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Cellular senescence: a promising strategy for cancer therapy
Jae-Seon Lee1,*, Seongju Lee1
1Hypoxia-related Disease Research Center and 2Department of Anatomy and 3Department of Molecular Medicine, College of Medicine, Inha University, Incheon 22212, Republic of Korea
Abstract
Cellular senescence, a permanent state of cell cycle arrest is believed to have originally evolved to limit the proliferation of old or damaged cells. However, it has been recently shown that cellular senescence is a physiological and pathological program contributing to embryogenesis, immune response, and wound repair, as well as aging and age-related diseases. Unlike replicative senescence associated with telomere attrition, premature senescence rapidly occurs in response to various intrinsic and extrinsic insults. Thus, cellular senescence has also been considered suppressive mechanism of tumorigenesis. Current studies have revealed that therapy-induced senescence (TIS), a type of senescence caused by traditional cancer therapy, could play a critical role in cancer treatment. In this review, we outline the key features and the molecular pathways of cellular senescence. Better understanding of cellular senescence will provide insights into the development of powerful strategies to control cellular senescence for therapeutic benefit. Lastly, we discuss existing strategies for the induction of cancer cell senescence to improve efficacy of anticancer therapy.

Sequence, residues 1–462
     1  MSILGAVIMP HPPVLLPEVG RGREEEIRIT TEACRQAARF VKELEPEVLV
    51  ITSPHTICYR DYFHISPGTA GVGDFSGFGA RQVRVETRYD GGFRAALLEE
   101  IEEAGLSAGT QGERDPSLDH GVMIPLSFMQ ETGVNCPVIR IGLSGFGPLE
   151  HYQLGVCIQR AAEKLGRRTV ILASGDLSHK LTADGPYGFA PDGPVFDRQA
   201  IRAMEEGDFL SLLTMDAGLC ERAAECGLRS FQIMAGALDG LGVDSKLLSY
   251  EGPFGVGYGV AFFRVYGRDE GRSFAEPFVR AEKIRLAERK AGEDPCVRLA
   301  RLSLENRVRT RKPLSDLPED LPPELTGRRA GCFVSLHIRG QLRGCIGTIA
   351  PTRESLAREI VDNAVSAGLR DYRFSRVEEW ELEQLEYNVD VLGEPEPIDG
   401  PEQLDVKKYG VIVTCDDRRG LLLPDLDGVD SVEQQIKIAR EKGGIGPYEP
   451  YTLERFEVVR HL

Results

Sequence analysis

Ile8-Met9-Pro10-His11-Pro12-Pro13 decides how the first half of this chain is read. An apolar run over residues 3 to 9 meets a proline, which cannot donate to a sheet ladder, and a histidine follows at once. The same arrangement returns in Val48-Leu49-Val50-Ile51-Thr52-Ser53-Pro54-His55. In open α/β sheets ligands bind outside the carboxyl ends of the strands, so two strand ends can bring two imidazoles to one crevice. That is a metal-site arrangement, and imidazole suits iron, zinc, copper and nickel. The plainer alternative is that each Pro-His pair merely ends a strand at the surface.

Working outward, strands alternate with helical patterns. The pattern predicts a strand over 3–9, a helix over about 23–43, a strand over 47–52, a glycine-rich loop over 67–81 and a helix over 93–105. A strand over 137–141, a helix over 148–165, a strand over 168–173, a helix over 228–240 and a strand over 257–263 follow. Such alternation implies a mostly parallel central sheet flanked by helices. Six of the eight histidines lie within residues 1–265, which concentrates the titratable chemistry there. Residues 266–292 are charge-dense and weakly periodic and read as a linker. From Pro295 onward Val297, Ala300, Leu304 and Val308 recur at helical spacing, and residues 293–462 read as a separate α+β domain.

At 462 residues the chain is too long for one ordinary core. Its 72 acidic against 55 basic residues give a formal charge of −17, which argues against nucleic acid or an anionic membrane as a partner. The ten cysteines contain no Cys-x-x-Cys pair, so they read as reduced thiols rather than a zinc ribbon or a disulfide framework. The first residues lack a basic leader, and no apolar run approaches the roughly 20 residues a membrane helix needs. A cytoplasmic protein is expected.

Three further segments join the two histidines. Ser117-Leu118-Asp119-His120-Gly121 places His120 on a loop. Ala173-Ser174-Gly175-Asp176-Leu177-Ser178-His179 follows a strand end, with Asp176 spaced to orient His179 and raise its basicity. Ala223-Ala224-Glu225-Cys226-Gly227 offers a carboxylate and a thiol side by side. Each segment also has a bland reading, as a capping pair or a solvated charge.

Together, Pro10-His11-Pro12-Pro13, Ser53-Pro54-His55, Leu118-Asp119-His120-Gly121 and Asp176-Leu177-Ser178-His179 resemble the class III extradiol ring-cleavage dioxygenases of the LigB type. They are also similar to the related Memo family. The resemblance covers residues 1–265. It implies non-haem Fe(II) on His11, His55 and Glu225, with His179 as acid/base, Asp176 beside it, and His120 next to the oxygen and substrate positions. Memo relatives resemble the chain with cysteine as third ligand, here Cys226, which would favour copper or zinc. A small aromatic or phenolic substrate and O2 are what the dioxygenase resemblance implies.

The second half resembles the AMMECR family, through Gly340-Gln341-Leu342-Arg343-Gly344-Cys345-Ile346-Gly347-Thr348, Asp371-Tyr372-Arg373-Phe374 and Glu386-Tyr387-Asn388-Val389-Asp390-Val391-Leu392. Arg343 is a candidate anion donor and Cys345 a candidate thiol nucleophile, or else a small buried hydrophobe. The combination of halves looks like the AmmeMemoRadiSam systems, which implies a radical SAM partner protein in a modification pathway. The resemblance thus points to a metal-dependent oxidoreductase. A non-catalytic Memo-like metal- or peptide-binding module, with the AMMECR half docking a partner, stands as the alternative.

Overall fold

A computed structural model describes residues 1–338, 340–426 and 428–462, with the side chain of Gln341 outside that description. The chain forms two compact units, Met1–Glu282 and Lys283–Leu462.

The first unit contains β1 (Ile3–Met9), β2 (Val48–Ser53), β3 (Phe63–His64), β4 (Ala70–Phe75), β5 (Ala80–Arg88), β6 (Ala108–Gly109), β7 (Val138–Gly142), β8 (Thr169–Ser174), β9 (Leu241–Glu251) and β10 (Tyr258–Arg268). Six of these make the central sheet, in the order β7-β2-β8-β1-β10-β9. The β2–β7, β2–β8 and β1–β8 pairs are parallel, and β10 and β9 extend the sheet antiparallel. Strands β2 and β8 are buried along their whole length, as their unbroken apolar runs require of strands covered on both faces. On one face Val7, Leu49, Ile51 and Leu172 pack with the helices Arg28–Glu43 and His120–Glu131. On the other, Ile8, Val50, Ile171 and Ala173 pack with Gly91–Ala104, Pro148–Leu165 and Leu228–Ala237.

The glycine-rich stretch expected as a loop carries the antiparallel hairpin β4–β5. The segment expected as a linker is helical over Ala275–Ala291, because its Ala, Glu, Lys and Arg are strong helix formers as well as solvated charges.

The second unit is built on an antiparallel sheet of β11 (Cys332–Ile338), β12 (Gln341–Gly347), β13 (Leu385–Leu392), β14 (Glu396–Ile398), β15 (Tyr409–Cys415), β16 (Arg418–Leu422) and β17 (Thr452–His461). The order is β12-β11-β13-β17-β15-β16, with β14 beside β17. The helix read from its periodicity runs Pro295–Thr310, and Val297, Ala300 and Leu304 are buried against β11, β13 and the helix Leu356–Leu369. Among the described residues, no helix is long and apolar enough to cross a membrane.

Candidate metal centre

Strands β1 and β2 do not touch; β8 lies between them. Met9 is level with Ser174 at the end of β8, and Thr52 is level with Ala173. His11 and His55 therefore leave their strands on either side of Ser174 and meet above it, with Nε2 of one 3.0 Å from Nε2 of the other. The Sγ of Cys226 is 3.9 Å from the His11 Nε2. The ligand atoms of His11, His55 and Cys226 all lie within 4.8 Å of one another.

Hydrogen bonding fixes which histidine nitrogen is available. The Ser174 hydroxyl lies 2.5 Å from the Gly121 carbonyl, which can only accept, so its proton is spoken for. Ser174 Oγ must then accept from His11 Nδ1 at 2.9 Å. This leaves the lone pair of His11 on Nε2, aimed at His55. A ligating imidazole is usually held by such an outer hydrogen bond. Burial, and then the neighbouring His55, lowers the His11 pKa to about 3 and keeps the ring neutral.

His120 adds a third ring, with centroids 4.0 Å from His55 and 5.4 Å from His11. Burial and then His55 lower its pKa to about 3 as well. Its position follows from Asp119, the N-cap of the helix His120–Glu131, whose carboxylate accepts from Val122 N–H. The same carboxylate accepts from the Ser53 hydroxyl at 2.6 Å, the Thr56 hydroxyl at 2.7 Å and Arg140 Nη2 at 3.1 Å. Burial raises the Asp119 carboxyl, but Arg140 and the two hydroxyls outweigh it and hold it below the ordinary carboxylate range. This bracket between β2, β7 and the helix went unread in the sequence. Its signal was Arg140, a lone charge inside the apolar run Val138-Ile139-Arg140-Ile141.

Abstract, Accepted Manuscript [Submitted on December 10, 2018, Accepted on December 10, 2018]
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